NBI to Charge 8 Person for Alleged Multi-Million Printing Deal in NPO

The National Bureau of Investigation (NBI) has recommended to charge eight people of charge in connection with an alleged multi-million printing deal with three private companies of some current and former officials of the National Printing Office (NPO).


In a formal letter by NBI Director Dante A. Gierran to Ombudsman Conchita Carpio-Morales, the following people were identified by the NBI’s antifraud division; NPO Director Sherwin Prose C. Castañeda, former officer-in-charge Rolando L. Caluag, employee Myralyn P. Soriano, retired employee Ruben G. Dancel, Western Visayas Printing Corp. Vice-President Edwin D. Malapajo, Bestforms, Inc. President Benjamin L. Yam, Triprint Corp. President Ramil V. Tamayo, and Metrocolor Corp. General Manager Clso S. Viray.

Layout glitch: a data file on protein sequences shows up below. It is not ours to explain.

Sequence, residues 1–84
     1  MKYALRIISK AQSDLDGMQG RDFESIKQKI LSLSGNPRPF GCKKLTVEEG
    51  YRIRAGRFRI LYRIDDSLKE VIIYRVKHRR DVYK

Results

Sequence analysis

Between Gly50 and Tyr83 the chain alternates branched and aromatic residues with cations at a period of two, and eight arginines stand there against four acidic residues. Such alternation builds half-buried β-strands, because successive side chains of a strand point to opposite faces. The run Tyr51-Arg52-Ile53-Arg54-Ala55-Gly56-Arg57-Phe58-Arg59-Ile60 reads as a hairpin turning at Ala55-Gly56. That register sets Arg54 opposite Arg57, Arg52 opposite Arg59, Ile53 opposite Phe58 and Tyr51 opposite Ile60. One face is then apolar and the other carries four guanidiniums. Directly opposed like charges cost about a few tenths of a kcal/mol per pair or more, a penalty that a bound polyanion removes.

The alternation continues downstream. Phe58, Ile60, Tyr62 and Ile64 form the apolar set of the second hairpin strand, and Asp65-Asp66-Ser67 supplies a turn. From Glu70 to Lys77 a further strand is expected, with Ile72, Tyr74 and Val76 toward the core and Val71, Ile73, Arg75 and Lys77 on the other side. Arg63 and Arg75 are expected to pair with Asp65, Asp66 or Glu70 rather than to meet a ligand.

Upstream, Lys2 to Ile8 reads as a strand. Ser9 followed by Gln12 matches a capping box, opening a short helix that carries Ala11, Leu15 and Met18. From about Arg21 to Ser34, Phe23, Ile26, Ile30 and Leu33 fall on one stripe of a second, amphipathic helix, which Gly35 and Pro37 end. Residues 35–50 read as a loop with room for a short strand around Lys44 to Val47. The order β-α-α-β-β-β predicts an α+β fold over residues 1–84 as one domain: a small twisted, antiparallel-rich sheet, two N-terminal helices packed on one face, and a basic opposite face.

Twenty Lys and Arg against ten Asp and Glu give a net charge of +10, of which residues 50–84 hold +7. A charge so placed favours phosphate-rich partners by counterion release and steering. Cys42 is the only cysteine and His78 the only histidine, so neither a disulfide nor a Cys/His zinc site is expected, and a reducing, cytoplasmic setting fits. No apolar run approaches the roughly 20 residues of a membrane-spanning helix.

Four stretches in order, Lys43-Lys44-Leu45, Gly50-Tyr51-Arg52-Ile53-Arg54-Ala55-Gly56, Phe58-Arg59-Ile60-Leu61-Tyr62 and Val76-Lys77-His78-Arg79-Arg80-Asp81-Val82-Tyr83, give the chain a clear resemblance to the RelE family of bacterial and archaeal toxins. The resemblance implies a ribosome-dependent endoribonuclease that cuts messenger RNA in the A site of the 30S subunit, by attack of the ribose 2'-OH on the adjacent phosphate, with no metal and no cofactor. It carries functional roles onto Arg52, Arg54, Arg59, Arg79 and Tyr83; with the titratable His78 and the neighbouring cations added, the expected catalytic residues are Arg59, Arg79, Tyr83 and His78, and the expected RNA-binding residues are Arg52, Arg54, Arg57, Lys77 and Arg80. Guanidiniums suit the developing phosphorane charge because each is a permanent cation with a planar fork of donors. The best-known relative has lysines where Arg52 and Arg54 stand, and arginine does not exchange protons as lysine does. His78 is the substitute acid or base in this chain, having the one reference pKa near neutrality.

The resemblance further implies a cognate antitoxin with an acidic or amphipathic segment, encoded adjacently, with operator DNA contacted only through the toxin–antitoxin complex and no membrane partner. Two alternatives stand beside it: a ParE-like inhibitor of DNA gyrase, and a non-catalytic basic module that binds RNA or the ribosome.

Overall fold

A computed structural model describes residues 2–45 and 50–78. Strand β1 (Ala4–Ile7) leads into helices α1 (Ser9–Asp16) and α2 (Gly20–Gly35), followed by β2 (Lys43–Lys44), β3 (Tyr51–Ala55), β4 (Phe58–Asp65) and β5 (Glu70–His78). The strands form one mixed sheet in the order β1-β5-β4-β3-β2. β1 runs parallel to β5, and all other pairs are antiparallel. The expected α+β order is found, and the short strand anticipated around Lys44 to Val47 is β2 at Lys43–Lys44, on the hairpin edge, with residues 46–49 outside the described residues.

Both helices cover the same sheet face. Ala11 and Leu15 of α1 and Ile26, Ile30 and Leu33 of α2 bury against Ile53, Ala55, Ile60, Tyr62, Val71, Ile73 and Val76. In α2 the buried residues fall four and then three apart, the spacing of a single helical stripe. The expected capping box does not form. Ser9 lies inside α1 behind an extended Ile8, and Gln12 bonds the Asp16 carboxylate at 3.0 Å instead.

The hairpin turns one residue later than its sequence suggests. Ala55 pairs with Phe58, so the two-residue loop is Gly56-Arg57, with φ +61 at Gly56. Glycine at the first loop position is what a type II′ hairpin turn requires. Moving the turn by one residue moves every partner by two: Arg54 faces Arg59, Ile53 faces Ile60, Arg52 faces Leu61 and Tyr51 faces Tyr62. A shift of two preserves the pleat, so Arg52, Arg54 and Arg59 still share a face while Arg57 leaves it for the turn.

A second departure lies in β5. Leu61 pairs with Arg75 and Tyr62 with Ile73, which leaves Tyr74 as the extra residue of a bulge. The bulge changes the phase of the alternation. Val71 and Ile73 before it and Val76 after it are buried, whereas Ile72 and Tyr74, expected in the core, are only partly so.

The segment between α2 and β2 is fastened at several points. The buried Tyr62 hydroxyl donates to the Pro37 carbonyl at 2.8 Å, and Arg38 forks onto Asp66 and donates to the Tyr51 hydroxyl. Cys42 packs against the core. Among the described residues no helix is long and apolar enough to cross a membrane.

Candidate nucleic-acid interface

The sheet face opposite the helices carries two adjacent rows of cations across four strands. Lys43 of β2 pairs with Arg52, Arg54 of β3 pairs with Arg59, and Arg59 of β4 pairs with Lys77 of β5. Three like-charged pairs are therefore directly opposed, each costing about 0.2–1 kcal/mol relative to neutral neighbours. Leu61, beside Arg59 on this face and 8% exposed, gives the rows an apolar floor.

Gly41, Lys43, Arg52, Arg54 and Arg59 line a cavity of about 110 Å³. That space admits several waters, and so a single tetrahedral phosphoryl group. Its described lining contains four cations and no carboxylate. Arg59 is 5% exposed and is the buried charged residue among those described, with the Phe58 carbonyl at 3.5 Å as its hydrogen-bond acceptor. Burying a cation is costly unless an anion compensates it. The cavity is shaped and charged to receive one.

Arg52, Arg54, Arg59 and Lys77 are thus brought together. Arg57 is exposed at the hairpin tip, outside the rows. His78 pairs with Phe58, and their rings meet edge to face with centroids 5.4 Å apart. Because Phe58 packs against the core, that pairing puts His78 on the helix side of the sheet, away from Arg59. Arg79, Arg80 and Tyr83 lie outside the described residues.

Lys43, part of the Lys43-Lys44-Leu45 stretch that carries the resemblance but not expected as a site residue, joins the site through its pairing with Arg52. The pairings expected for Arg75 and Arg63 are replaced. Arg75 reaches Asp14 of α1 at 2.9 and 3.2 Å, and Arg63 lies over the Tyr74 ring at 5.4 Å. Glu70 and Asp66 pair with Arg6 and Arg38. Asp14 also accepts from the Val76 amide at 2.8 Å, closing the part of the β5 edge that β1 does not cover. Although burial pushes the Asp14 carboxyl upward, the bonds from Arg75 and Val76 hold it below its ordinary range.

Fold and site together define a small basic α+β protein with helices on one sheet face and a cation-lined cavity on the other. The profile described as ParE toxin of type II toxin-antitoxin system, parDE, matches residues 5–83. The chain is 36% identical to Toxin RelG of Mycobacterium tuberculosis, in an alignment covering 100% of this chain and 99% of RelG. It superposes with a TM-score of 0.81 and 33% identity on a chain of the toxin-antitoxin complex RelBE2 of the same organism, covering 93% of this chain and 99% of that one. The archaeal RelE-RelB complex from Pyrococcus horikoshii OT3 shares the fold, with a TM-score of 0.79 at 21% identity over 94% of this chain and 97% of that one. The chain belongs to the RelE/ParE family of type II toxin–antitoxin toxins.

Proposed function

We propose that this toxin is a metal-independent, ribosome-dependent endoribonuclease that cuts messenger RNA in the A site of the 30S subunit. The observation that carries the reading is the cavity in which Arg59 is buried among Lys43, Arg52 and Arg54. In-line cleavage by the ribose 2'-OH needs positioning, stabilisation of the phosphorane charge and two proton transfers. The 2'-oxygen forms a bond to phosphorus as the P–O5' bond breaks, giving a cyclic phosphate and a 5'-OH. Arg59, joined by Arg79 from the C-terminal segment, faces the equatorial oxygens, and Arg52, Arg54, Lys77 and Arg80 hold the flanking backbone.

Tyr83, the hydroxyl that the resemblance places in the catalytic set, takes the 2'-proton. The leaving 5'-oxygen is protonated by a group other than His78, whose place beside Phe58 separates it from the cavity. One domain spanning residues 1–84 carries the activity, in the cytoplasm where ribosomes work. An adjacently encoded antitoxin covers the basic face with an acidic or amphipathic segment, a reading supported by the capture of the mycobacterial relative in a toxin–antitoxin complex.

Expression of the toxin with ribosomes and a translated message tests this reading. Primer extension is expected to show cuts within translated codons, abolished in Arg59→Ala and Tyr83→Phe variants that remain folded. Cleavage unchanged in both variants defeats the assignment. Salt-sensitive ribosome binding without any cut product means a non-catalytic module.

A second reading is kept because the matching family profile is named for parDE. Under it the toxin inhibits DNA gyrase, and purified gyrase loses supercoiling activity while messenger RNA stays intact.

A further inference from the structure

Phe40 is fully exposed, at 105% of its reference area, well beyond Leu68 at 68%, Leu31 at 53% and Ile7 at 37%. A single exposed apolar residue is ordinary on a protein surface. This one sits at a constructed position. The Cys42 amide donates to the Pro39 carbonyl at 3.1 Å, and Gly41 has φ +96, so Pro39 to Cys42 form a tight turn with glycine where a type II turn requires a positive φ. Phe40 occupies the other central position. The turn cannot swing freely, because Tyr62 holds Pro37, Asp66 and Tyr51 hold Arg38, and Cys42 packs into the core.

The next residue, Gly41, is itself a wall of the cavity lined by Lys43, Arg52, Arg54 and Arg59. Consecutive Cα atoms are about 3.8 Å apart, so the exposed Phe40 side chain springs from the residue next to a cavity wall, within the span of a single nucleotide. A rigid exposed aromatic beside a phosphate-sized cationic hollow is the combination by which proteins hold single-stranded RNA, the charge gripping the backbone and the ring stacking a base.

NBI to Charge 8 Person for Alleged Multi-Million Printing Deal in NPO

Upon investigation, NBI has discovered that during a multi-million contract awarded by the Social Security System (SSS) to the National Printing Office, the said violation occurred. NPO should purchase 870,000 pads of contribution payment for the fiscal year of 2016.

The NPO assigned the first work order of one-year equipment lease agreement for printing machines to four printing firms. It was given to Western Visayas Corp. for Php73.6 million. After one week, Castañeda and Dancel dropped the deal and awarded three new work orders to Betforms for Php33.4 million, Triprint for Php16.9 million and Metrocolor for Php14.8 million.

According to the report of NBI, the movement of work orders was ‘discretionary on the part of the NPO’ because the said government agency did not lay down any guidelines when it picked a printer. Furthermore, under NPO’s deal, the agency will pay the companies “after the completion of the job/work order on running basis.”

Under Republic Act No. 3019 or the Anti-Graft and Corrupt Practices act, subcontracting such as the one done by NPO is prohibited.

It was also discovered that under the contract, NPO received 15% share of the profits while 85% went to private companies.

“This is clearly disadvantageous to the government and punishable under RA 3019 also known as Anti-Graft and Corrupt Practices Act,” the NBI said.